The Liebeslieder Polkas is the first opus of P.D.Q. Bach's to be discovered in which he inflicted his music on the work of well-known poets, or even known poets, for that matter. The fact that all the poets represented are English leads one to surmise that P.D.Q.'s drinking companion Jonathan Boozey Hawkes had something to do with instigating the piece; Hawkes eventually married P.D.Q. Bach's cousin Betty-Sue Bach and returned to his native Liverpool, where the two of them spent their senility publishing most of the unmourned composer's vocal music. As far as observing the integrity of these already-famous poems is concerned, P.D.Q.'s attitude ranges from indifference to contempt. Some of the poems are set complete, others are rather haphazardly cut, some contain completely spurious interpolations, and in one case - Ben Johnson's beloved Song To Celia - the poem has been extensively rewritten to reflect the composer's besotted Weltanschauung. A word about the fifth hand in the piano part: When Brahms write his Liebeslieder Waltzes (in obvious imitation of P.D.Q. Bach, but, as usual, without giving the earlier composer any credit) he scored the accompaniment for piano four hands; by adding a third person at the piano P.D.Q. not only expanded the range of the accompaniment, but he also made sure that there was always one hand free for turning pages. Or, to look at it another way, he made life much more interesting for the page-turner.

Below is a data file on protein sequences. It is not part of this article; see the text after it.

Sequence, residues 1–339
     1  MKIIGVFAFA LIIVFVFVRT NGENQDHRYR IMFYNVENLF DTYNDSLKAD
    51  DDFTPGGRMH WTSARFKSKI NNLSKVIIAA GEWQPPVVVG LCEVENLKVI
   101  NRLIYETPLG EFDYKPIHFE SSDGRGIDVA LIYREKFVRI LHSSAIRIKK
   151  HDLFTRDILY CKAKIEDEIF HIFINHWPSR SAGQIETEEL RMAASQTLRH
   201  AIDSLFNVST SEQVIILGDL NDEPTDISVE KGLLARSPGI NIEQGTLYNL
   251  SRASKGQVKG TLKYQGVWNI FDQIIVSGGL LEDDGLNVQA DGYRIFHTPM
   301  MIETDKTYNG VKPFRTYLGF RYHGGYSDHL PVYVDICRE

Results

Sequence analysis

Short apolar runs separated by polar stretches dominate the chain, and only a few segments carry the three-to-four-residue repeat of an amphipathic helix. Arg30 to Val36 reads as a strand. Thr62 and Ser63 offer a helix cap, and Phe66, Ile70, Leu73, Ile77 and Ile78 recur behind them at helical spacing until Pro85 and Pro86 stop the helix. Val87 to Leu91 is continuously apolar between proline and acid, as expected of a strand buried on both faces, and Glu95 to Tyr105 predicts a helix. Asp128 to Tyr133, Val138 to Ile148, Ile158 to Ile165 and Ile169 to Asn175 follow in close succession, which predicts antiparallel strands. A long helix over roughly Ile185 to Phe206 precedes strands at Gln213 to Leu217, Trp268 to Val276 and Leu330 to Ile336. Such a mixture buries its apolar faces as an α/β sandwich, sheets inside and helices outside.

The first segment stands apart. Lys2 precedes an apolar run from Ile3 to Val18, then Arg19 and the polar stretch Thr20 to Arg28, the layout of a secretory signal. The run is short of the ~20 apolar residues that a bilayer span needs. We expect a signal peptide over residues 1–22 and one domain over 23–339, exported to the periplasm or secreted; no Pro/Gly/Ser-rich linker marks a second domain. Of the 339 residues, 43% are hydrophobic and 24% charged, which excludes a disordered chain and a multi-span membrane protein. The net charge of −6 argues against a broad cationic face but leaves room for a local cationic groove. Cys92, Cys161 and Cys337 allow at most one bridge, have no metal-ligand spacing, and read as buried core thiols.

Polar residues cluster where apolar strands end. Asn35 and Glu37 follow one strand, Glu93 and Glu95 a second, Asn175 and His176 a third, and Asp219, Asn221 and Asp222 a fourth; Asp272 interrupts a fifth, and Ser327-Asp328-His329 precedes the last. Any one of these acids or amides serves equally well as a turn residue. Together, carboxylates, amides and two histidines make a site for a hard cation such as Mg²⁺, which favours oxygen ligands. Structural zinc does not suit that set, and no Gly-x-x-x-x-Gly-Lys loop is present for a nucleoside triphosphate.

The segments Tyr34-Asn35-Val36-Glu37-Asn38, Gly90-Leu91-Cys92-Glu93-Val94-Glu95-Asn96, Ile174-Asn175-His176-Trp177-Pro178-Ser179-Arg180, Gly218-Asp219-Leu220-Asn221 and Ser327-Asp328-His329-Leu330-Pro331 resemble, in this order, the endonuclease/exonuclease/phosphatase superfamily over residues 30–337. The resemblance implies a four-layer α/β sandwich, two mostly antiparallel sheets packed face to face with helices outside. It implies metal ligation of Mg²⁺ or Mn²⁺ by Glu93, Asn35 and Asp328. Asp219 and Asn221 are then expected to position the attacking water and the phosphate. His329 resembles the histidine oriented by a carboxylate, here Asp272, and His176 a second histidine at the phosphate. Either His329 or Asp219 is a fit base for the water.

The Liebeslieder Polkas is the first opus of P.D.Q. Bach's to be discovered in which he inflicted his music on the work of well-known poets, or even known poets, for that matter. The fact that all the poets represented are English leads one to surmise that P.D.Q.'s drinking companion Jonathan "Boozey" Hawkes had something to do with instigating the piece; Hawkes eventually married P.D.Q. Bach's cousin Betty-Sue Bach and returned to his native Liverpool, where the two of them spent their senility publishing most of the unmourned composer's vocal music. As far as observing the integrity of these already-famous poems is concerned, P.D.Q.'s attitude ranges from indifference to contempt. Some of the poems are set complete, others are rather haphazardly cut, some contain completely spurious interpolations, and in one case - Ben Johnson's beloved Song To Celia - the poem has been extensively rewritten to reflect the composer's besotted Weltanschauung. A word about the fifth hand in the piano part: When Brahms write his Liebeslieder Waltzes (in obvious imitation of P.D.Q. Bach, but, as usual, without giving the earlier composer any credit) he scored the accompaniment for piano four hands; by adding a third person at the piano P.D.Q. not only expanded the range of the accompaniment, but he also made sure that there was always one hand free for turning pages. Or, to look at it another way, he made life much more interesting for the page-turner.